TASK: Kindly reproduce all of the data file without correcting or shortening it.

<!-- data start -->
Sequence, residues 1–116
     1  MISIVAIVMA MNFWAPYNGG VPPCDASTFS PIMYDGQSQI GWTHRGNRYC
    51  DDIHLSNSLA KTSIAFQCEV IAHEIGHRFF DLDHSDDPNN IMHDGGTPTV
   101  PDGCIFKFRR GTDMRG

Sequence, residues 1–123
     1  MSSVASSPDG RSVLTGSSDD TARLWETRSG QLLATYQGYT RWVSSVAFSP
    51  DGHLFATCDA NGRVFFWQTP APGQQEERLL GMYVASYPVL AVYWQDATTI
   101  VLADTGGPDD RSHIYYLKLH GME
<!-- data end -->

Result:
Sequence, residues 1–116
     1  MISIVAIVMA MNFWAPYNGG VPPCDASTFS PIMYDGQSQI GWTHRGNRYC
    51  DDIHLSNSLA KTSIAFQCEV IAHEIGHRFF DLDHSDDPNN IMHDGGTPTV
   101  PDGCIFKFRR GTDMRG

Sequence, residues 1–123
     1  MSSVASSPDG RSVLTGSSDD TARLWETRSG QLLATYQGYT RWVSSVAFSP
    51  DGHLFATCDA NGRVFFWQTP APGQQEERLL GMYVASYPVL AVYWQDATTI
   101  VLADTGGPDD RSHIYYLKLH GME